Mozilla and Mobile
People ask us all the time about what Mozilla’s going to do about the mobile web, and I’m very excited to announce that we plan to rock it. Here’s some information about what we’re planning to do with hiring, technology, partnerships, and products, and how you can get involved. Short summary: we are serious about bringing the Firefox experience and technology to mobile devices.
Why increase Mozilla’s presence in mobile?
* A large portion of the world accesses the Internet from mobile devices, and this will become increasingly true over time (mobile devices outsell computers 20-1). Each Firefox install is an individual choice by a person to download something that didn’t ship by default on their computer. Why not offer that option for mobile devices?
* Firefox the most popular open-source browser on the planet with > 100 million active users. Bringing Firefox add-ons, the Mozilla platform (including XUL), open source, and a large and passionate community to the closed and fragmented mobile platform will do the world some serious good.
* Firefox and Mozilla give device manufacturers the best of both worlds: shared investment in the core open-source project plus the flexibility they need to customize the browser for their devices.
* You can already get a Mozilla-based browser for the Nokia N800 and Firefox is a key part of Ubuntu Mobile and the new Intel Internet Project, and most recently ARM has put serious effort towards Firefox on mobile devices.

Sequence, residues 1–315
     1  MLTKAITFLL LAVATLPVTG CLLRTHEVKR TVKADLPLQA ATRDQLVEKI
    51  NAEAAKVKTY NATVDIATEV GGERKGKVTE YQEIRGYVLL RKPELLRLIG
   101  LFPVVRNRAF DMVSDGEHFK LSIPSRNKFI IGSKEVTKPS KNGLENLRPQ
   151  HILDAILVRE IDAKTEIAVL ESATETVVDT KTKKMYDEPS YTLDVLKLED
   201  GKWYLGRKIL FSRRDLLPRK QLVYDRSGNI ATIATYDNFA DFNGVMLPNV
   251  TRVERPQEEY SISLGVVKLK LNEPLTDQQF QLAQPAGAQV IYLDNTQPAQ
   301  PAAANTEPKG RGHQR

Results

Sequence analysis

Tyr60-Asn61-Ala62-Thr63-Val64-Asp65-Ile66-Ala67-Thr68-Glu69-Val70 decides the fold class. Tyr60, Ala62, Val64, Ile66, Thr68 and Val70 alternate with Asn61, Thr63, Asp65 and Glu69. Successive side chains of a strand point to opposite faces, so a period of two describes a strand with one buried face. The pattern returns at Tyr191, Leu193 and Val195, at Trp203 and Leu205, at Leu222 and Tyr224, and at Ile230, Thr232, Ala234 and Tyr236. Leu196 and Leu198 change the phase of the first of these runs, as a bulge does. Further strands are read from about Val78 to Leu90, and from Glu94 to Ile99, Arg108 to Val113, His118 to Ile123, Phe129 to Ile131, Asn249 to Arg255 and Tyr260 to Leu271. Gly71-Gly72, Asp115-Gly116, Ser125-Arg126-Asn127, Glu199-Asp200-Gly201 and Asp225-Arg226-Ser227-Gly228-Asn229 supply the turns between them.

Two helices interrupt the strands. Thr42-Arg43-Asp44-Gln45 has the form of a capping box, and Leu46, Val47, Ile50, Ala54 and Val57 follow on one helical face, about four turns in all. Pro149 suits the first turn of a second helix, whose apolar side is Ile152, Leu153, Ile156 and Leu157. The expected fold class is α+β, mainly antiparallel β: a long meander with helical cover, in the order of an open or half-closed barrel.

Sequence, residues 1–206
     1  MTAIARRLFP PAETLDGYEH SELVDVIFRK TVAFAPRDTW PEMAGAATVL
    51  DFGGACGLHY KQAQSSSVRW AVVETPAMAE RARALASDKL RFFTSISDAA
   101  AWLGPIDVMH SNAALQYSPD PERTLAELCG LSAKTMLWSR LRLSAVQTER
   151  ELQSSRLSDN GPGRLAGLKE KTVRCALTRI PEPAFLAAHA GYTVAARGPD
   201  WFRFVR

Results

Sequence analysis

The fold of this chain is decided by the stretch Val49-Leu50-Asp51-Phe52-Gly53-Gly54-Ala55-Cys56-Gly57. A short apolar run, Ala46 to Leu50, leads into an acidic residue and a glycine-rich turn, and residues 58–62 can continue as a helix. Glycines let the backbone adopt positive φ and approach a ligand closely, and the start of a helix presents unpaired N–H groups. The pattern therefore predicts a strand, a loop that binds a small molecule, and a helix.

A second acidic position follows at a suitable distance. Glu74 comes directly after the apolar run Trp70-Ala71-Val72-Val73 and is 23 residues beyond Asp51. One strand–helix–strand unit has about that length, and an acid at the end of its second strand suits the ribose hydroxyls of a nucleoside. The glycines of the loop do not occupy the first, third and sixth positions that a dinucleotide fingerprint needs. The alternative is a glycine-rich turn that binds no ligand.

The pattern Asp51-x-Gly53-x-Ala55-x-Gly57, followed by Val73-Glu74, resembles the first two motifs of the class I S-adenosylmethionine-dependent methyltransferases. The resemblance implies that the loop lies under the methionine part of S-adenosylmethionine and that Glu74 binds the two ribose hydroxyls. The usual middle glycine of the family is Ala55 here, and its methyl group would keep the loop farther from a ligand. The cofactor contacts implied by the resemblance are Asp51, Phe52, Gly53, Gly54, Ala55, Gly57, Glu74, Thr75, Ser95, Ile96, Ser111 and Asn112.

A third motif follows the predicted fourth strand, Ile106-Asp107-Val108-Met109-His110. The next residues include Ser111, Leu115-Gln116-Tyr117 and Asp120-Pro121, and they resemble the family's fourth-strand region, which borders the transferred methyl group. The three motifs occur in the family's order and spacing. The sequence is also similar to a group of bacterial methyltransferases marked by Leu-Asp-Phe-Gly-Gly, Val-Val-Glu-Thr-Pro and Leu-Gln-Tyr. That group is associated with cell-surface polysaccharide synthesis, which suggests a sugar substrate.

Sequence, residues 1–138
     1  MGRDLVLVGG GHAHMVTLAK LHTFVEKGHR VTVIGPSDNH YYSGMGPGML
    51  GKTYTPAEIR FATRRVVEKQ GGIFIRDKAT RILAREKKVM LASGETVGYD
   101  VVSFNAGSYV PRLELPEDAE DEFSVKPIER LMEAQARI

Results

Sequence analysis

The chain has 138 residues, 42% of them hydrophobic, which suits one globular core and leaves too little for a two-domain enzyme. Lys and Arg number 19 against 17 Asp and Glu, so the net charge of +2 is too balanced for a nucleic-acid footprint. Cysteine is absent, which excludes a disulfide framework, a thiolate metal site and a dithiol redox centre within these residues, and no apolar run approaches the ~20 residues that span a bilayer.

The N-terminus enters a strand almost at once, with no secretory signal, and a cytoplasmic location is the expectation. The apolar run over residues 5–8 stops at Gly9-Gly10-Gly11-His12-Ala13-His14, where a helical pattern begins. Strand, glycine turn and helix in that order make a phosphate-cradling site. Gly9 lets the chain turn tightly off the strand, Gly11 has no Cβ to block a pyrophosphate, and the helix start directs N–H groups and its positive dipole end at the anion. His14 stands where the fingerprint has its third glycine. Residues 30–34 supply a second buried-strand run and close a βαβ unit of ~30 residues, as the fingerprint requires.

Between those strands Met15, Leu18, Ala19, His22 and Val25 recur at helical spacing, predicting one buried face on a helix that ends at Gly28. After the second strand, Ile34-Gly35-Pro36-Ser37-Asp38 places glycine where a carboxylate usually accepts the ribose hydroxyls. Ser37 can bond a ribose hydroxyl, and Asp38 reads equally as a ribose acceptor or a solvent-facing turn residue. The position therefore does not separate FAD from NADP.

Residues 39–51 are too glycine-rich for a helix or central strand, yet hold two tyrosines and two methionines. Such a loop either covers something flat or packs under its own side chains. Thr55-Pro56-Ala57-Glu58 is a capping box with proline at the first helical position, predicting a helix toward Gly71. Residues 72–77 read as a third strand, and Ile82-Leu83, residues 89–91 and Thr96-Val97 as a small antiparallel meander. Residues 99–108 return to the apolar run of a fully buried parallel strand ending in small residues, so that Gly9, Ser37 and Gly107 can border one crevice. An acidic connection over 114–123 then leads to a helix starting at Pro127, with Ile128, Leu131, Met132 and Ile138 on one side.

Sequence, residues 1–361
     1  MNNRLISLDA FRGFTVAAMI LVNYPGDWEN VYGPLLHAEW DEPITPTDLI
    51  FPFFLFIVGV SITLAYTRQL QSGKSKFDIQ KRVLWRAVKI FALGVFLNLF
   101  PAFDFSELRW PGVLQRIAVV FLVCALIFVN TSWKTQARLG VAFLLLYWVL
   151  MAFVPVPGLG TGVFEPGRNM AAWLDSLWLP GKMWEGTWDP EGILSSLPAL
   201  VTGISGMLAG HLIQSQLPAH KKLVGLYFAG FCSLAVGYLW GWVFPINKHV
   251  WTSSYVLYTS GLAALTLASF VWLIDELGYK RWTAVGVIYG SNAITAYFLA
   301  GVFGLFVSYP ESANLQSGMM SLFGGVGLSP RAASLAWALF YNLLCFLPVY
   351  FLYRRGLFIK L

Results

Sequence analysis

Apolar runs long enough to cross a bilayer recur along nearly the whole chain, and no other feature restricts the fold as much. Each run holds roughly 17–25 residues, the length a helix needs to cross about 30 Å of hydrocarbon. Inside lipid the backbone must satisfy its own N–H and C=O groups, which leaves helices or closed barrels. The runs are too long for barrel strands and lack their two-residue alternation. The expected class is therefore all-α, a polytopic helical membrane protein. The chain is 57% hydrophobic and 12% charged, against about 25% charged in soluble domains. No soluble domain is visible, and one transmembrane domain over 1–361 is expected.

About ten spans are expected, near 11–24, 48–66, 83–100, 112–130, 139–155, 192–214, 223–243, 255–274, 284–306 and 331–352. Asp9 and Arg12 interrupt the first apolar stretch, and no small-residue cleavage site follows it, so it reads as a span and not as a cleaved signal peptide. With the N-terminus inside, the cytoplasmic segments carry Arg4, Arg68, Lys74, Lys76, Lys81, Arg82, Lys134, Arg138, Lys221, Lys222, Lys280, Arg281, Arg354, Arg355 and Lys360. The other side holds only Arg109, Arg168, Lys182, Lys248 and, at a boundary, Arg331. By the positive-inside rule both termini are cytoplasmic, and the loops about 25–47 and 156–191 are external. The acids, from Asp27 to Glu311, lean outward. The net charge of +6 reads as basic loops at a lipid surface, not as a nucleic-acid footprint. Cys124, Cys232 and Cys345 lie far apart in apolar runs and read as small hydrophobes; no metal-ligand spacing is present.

* Through Joey, we’ve seen how the desktop and mobile browsing experiences can be bridged to build a better experience for both. Wouldn’t it be great if your bookmarks, history, extensions, etc. from Firefox on your computer just worked on your phone?
Just what are we announcing?
* Mozilla will add mobile devices to the first class/tier-1 platform set for Mozilla2. This means we will make core platform decisions with mobile devices as first-class citizens.
* We will ship a version of “Mobile Firefox” which can, among other things, run Firefox extensions on mobile devices and allow others to build rich applications via XUL.
* Mozilla will expand its small team of full-time mobile contributors to focus on the technology and application needs of mobile devices. In particular two new folks just joined:
** Christian Sejersen, recently the head of browsers at Openwave which has shipped over 1 billion mobile browsers, joined Mozilla Monday. He’ll be heading up the platform engineering effort and setting up a R&D center in Copenhagen, Denmark.
** Brad Lassey just joined Mozilla from France Telecom R&D. He’s already been an active contributor to our mobile efforts and can now focus on Mozilla mobile full time.
These folks will accelerate the tremendous work already done by Doug Turner, Chris Hofmann and the entire Mozilla community. The efforts in mobile will be magnified by all aspects of our kick-ass community in everything from testing, to UI design, to core engineering. Together we will accelerate the development and use of mobile-ready Mozilla technology.